St Mary's Church, Moulton
St Mary's Church, Moulton

St Mary's church, Moulton, stands in rustic splendour beside an isolated farmyard. The building probably dates to the Norman period; the round tower is certainly of that date.
The Seven Works of Mercy 14th century wall paintings
The Seven Works of Mercy 14th-century
wall paintings

The tower has a very attractive conical roof of tile and looks almost continental in style. The remainder of the church is composed of a nave, chancel, and south porch, in a fascinating mix of materials including flint, stone, and brick. The porch was added in the 16th century, while the chancel and nave are several centuries earlier.

The church stands a mile from its village, beside moated Moulton Hall. The location suggests that the first church here was built by the lords of Moulton manor as a family chapel and only later became the parish church.

The Moulton Wall Paintings

The most interesting historical part of the interior is a wonderful series of 14th-century wall paintings, which show St Christopher and the 'Acts of Mercy', a kind of supplementary set of commandments or admonitions for good Christian living. These Acts came in several versions; the one depicted here is called the Seven Works of Mercy, and includes feeding the hungry, clothing the naked, comforting the sick, and similar acts of kindness and human service. The extremely vivid set of seven paintings show these acts of kindness being performed, with a figure of Christ blessing the good deeds.

The figure of St Christopher is in its traditional place on the north wall, where visitors entering the church will see it as they come through the south door. The left side of the painting has a large circle cut into the plaster where a consecration cross was inserted to commemorate the church's rebuilding in the early 16th century.

There are a set of 15th and 16th-century brasses to the Anguish family, a lovely Jacobean pulpit - paid for by one of the Anguish family - and a 13th-century font bowl on a much later base of Purbeck marble. Over the tower arch is a richly painted board with the Ten Commandments, Lord's Prayer, and Creed dating from the 17th century.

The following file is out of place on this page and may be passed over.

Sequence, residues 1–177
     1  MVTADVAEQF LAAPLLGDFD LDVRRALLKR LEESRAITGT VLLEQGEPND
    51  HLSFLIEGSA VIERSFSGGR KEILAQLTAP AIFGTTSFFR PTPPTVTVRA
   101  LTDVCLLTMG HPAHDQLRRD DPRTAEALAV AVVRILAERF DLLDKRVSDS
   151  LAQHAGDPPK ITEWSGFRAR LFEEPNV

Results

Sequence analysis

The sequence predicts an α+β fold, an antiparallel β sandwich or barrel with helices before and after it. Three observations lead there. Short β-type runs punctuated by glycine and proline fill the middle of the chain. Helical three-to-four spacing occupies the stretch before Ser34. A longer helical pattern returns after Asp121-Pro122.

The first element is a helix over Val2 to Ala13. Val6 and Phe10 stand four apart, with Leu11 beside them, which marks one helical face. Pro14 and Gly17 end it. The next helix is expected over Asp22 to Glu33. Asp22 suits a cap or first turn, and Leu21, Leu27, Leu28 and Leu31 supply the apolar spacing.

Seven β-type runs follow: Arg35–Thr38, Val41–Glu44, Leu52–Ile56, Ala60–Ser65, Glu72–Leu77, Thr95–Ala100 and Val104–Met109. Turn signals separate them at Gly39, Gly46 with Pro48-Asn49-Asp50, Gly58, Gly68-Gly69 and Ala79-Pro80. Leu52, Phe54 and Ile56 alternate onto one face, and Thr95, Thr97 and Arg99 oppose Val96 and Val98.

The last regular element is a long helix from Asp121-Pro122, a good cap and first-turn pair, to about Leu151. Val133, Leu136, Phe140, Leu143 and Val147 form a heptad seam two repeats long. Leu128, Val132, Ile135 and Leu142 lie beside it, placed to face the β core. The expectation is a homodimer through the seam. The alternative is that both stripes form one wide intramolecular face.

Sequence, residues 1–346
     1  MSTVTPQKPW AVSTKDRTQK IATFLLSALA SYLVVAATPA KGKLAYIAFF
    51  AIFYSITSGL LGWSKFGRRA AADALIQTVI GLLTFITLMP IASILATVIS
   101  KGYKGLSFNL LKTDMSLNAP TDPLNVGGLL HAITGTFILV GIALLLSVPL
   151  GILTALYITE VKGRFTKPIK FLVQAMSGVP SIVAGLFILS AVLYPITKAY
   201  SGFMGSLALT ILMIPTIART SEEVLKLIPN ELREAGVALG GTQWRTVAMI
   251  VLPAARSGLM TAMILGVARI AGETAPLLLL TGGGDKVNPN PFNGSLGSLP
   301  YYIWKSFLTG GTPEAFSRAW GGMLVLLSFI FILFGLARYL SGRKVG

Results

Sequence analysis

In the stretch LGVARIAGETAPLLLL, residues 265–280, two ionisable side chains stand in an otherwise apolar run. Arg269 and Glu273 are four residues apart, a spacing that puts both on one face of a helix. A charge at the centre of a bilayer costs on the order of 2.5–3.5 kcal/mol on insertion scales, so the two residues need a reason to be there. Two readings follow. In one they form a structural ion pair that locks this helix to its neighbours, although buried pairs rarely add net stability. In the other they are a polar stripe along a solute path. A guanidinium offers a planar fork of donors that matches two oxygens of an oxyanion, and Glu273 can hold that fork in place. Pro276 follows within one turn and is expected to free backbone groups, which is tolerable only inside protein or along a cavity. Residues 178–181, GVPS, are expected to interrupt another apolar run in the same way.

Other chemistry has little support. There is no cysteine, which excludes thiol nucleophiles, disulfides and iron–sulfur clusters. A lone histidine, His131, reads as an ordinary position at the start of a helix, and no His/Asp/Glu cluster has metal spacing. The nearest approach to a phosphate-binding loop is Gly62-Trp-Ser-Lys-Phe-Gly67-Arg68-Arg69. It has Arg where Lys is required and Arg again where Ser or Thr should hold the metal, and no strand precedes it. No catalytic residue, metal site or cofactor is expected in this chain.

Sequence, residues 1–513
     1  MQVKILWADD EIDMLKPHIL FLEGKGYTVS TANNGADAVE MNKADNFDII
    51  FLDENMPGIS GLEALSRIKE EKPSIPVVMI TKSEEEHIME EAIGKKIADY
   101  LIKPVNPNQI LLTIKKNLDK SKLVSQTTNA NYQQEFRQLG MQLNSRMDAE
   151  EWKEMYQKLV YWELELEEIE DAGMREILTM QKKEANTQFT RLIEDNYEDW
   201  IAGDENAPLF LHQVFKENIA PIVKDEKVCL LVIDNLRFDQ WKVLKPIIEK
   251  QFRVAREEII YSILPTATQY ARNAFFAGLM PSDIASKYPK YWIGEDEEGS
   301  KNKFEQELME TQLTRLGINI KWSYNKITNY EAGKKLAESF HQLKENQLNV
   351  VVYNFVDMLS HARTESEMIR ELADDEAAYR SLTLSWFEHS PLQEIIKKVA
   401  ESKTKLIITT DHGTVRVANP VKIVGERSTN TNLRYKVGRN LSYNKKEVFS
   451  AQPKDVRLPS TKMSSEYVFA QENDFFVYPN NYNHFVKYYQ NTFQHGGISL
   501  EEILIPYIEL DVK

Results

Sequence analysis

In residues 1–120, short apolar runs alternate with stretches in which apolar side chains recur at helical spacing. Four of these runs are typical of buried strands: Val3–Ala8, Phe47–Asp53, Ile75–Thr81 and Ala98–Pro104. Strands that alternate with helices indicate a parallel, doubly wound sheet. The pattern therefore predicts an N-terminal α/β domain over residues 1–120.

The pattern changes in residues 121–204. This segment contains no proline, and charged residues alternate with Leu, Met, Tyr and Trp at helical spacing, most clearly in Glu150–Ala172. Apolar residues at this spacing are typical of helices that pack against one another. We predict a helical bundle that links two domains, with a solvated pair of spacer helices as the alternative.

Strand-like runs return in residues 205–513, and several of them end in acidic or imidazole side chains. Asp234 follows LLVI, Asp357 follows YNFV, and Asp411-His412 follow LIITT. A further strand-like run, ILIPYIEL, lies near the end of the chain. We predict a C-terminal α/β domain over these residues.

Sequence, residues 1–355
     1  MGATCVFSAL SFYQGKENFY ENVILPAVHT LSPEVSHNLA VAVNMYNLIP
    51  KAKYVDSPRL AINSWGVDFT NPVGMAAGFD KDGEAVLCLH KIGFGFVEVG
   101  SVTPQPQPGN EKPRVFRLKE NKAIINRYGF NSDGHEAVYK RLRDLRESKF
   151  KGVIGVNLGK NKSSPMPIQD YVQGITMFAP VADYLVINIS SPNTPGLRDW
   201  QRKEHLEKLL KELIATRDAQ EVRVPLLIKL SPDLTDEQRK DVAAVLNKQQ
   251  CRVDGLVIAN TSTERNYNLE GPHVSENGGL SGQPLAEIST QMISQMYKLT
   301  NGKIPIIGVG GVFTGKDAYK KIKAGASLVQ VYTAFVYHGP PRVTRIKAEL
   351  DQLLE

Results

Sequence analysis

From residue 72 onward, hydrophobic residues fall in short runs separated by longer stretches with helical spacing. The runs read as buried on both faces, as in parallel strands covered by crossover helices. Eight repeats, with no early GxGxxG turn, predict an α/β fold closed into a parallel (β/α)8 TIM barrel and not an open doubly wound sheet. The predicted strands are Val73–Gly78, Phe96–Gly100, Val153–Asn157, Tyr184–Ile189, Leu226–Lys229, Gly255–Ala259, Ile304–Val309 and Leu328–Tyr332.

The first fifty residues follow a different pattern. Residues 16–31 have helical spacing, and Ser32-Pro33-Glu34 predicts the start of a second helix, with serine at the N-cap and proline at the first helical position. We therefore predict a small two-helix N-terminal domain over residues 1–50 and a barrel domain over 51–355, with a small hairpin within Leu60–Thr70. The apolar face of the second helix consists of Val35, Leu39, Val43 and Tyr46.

Medieval carving of a beast's head
Medieval carving of
a beast's head

Look for the wall monument to three members of the Anguish family, erected by Edmund Anguish in 1628, showing a man with his hands resting on a skull above a couple facing each other across a prayer desk, with their children on either side. The arms of Thomas Anguish (d. 1785) are depicted in stained glass in the east window.

Beside a nave window is a curious carving of a grinning beast's head, looking very much like a lion baring his teeth. Preserved inside a glass container is a grave decoration that once adorned the memorial of James Alexander, who died in 1906.

Partially covered by the communion rail is a worn medieval coffin, and set into the sanctuary floor is a ledger slab to Thomas Wytherley (d. 1693). Nearby, on the south chancel wall, is a double piscina from about 1300, with separate drains for the communion vessels and for washing the priest's hands.

The parish chest bears the date 4 April 1694. and the beautifully carved pulpit is early 17th century. We know something about its origins, as a visitation by Bishop Scambler in 1593 reported that Moulton had no pulpit. The parishioners were ordered to provide one by 5 February 1594. The style of the present pulpit suggests it was a bit later than that; perhaps the parish was slow to provide money for a pulpit, or their initial effort was deemed not good enough and replaced with this one.

Set into the floor of the nave are three memorial brasses. The oldest is to John Holler (d. 1505) and his wife. The second is to Henry Palmer (d. 1525) and the last to Anne Underwode (d. 1535). There is also an intriguing 1544 kneeling effigy to Thomasine Palmer (d. 1544). The Palmer brass is a palimpsest, with the Underwode brass being inserted on the reverse of a brass to an unknown Flemish lady from around 1500.

St Mary's is no longer used for regular worship and is in the care of the Churches Conservation Trust, who keep it open as a rule.